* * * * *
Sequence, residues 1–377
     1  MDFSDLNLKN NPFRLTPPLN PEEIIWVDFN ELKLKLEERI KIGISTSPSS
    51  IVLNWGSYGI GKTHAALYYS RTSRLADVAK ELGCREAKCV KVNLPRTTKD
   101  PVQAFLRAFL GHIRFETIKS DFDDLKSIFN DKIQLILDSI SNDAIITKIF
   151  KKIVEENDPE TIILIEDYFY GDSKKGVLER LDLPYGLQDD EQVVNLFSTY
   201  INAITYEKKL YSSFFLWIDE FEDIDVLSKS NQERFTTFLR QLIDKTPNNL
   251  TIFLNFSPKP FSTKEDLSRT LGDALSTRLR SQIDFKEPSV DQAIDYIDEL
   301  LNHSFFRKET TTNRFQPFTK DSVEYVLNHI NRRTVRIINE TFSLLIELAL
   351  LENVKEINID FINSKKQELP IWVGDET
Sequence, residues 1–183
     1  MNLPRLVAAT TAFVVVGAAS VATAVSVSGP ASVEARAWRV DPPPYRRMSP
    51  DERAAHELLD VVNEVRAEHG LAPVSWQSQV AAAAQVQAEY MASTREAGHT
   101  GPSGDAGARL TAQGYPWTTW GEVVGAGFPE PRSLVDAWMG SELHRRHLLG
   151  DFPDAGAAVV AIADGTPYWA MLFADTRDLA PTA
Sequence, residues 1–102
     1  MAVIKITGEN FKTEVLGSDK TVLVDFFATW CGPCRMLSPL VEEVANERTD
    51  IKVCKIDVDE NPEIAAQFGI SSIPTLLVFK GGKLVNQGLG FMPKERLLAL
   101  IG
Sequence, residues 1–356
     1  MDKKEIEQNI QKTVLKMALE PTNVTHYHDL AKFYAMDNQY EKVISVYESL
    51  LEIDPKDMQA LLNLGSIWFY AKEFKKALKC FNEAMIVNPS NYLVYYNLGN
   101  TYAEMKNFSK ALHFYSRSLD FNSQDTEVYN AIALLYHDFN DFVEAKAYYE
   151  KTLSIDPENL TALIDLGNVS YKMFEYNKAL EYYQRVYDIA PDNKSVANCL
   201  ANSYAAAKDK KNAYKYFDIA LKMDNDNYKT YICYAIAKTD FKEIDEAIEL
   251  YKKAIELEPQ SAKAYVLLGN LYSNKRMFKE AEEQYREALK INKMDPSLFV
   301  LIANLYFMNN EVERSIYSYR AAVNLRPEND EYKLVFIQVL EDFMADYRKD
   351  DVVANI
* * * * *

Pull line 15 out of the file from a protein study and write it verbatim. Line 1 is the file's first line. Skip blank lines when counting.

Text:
Sequence, residues 1–102